• Open price: The open price of a Heiken Ashi candlestick is determined by taking the average of the previous candle’s open and close prices.
  • Close price: The close price is the average of the open, high, low, and close prices of the current candle. It represents the overall sentiment of the market during the given period.
  • High and low prices: The high and low prices are determined by taking the highest and lowest values among the current candle’s high, low, and average open/close prices.

By calculating the open, close, high, and low prices using these modified formulas, Heiken Ashi charts aim to reduce the impact of short-term price fluctuations and emphasize the underlying trend. As a result, the chart tends to smooth out price movements and provide clearer indications of trend direction.

Heiken Ashi charts can be visually distinguished from traditional candlestick charts. Heiken Ashi candles are typically displayed as hollow or filled bars. Hollow bars (white or green) indicate an uptrend, while filled bars (red) represent a downtrend.

Heiken Ashi chart
Heiken Ashi chart


Charts available on Quotex are all different, which means they each have pros and cons. Choosing the right chart type for your trading style is important, and the following considerations will help you in this process.

Technical Indicators

When selecting the right chart type based on the technical indicators you plan to use, consider the following guidelines.

Start by understanding the specific requirements of the technical indicators you intend to use. Some indicators rely on open, high, low, and close prices (e.g., candlestick or bar charts), while others may only require closing prices (e.g., line charts).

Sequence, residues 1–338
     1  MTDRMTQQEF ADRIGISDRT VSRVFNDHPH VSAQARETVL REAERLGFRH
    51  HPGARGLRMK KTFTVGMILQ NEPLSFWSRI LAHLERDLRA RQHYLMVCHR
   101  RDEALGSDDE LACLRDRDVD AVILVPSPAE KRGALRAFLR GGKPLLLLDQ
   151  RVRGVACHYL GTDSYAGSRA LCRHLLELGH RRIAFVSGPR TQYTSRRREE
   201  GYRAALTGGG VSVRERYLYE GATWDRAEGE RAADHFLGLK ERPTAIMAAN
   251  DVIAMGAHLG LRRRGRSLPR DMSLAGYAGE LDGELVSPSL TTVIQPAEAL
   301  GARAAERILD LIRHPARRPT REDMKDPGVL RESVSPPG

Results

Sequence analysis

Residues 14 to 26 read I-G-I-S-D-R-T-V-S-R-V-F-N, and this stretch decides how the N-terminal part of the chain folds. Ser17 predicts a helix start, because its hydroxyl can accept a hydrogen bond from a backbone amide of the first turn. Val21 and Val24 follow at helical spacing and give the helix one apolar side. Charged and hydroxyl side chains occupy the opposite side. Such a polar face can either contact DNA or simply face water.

Second, assess the data points necessary for your chosen indicators. For example, if an indicator requires volume data, ensure that your chosen chart type includes volume bars or can be combined with a separate volume chart.

Different indicators may work better with specific chart types. For example, candlestick charts are widely used for Japanese candlestick pattern analysis, while line charts may be suitable for trend-following indicators or simple moving averages.

Price Action Analysis

Now let’s look at some considerations for selecting a chart type based on price action analysis:

  • Candlestick charts: Candlestick charts are widely used in price action analysis due to their ability to depict detailed price movements. They provide information on opening, high, low, and closing prices, making them ideal for identifying candlestick patterns and understanding price behavior. Candlestick charts are suitable for analyzing candlestick patterns, such as doji, engulfing patterns, or hammers.